KFF Daily Global Health Policy Report
In The News
- Agencies Urge Streamlining Of Aid Distribution In Nepal, As U.N. Warns Of Disease Outbreak Potential During Imminent Monsoon Season
New York Times: Nepal’s Bureaucracy Is Blamed as Earthquake Relief Supplies Pile Up
“Relief supplies for earthquake victims have been piling up at the airport and in warehouses here because of bureaucratic interference by Nepalese authorities who insist that standard customs inspections and other procedures be followed, even in an emergency, officials with Western governments and aid organizations said on Sunday…” (Harris, 5/3).
Reuters: Monsoons could bring disease, a second crisis, to Nepal: UNICEF
“There is only ‘a small window of time’ for relief workers in Nepal to put in place measures to protect people from deadly disease outbreaks, a senior United Nations Children’s Fund (UNICEF) official said on Saturday. The dangers posed would be exacerbated by wet and muddy conditions brought on by the upcoming rainy season, said Rownak Khan, UNICEF’s deputy representative in the country…” (D’Urso, 5/1).
U.N. News Centre: ‘Nepal is not alone,’ U.N. and E.U. aid chiefs say, reaffirming commitment to assist quake-hit country
“Wrapping up their visit to Nepal, the United Nations and European Union aid chiefs stressed that while relief teams are working around the clock to assist the thousands of people affected by the devastating earthquake that struck the tiny Himalayan nation one week ago today, aircraft and helicopters are urgently needed, as are emergency shelters, particularly for people in hard-hit rural areas…” (5/2).
U.N. News Centre: Nepal: opening first field hub, U.N. health agency expands support to areas cut off by quake
“In a major step to boost the health care assistance to earthquake survivors in Nepal who have been unreachable since last week’s devastating 7.8 magnitude earthquake, the United Nations World Health Organization (WHO) today announced it is setting up a new field office in the remote, mountainous Gorkha district, considered to be near the epicentre of the quake…” (5/3).
Wall Street Journal: U.N. Presses Nepal to Expedite Entry of Aid Supplies
“The United Nations pressed Nepal to make it easier to bring aid into the quake-stricken country as international relief organizations and Nepalese authorities struggled Sunday to get enough tents and medical supplies to remote areas. The death toll from the magnitude-7.8 earthquake on April 25 crossed 7,200, according to the official count on Sunday evening. More than three million Nepalese need food aid and hundreds of thousands are homeless, according to U.N. and Nepalese government estimates…” (McClain/Zhong, 5/3).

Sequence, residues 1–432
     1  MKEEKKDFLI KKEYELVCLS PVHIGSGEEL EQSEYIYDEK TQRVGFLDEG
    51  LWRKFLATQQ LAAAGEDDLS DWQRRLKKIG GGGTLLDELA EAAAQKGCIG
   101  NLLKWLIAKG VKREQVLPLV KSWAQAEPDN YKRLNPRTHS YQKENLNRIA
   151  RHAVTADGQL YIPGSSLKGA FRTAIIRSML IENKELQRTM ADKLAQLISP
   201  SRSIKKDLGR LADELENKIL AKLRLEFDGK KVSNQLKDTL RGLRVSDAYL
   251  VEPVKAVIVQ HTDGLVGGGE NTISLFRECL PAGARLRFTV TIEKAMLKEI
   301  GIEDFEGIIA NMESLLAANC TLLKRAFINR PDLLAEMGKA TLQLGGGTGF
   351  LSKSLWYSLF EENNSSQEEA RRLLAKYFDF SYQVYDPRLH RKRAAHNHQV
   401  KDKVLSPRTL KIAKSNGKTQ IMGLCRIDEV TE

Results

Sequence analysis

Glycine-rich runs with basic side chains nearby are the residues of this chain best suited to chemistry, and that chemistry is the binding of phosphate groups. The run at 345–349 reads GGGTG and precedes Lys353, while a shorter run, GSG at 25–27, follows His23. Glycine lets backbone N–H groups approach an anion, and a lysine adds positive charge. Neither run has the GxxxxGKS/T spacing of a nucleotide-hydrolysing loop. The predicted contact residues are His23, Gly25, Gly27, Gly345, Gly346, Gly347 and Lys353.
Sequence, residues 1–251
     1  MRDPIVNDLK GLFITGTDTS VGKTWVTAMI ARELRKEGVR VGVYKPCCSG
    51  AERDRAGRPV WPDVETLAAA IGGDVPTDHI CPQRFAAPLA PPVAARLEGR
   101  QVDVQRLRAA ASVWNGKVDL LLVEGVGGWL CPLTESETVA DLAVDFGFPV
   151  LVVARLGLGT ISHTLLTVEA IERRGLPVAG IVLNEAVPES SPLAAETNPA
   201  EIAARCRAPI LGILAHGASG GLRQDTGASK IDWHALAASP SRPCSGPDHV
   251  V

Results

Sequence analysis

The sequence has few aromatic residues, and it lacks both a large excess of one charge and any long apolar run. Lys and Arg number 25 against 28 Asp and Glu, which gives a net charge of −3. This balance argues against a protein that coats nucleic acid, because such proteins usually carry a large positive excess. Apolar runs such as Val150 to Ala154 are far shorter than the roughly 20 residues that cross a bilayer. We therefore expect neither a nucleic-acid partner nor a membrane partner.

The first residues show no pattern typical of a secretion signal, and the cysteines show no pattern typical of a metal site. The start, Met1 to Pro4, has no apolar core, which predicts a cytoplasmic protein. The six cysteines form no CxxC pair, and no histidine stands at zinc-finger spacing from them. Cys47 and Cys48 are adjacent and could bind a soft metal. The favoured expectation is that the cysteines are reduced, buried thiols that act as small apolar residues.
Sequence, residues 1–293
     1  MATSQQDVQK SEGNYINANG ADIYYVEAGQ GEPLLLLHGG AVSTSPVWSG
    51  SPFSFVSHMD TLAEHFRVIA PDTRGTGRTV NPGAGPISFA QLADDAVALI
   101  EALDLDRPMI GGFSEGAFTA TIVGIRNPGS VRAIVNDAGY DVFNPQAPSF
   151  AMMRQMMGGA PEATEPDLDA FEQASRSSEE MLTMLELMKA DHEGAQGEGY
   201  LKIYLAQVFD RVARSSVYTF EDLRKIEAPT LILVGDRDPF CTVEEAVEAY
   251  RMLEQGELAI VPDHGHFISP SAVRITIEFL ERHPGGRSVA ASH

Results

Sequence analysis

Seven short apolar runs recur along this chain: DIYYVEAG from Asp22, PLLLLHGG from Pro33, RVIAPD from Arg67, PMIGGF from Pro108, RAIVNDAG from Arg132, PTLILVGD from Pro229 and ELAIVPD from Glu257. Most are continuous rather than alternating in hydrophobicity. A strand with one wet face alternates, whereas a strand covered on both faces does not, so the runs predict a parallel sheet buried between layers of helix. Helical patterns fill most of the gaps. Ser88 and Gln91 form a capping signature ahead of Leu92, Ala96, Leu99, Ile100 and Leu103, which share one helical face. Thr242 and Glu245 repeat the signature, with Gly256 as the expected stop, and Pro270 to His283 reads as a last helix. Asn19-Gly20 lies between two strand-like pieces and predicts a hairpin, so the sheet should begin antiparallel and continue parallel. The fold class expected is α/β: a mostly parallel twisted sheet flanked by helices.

- U.N. Highlights Food Security, Ending Hunger At Milan Expo
U.N. News Centre: U.N.-backed Expo in Milan spotlights need to ensure healthy, safe and sufficient food for all
“The world produces more than enough food to ‘feed every member of the human family,’ yet one in nine people still go hungry, United Nations Secretary-General Ban Ki-moon underscored [Friday] in a message for the opening ceremony of a six-month long expo in Milan, Italy, in which the U.N. is participating to demonstrate that ending hunger in our lifetime is possible…” (5/1).
- Funding To Address Drug Resistance Requires Public, Private Cooperation, Experts Agree
BBC News: How should the fight against drug resistance be funded?
“… ‘Better infection prevention and control in health care settings; a focus on hygiene and sanitation; where appropriate, increasing vaccination uptake,’ says Dr. Charles Penn, the World Health Organization (WHO) coordinator for antimicrobial resistance. All of which would reduce the reliance on antibiotics, he argues. New drugs need to be available to all, but they should be used ‘wisely and appropriately’ so that they remain effective for ‘as long as possible,’ he says. Most experts agree that cooperation between the private and public sectors will be essential to prevent millions of additional fatalities over the coming decades…” (Wall, 5/2).
- Malaria, Preventable Diseases Rise In CAR As Insecurity Hampers Delivery Of Aid, MSF Says
The Guardian: Central African Republic facing chronic health care crisis as scars of conflict abide
“More than two years of sectarian violence have decimated already fragile health systems in Central African Republic (CAR), leading to a rise in preventable diseases like malaria among families still hiding from armed groups in the bush, according to the head of a medical charity…” (Chonghaile, 5/3).
- Chronic Malnutrition Plagues Children In Afghanistan's Helmand Province
Foreign Policy: The Starving Children of Helmand Province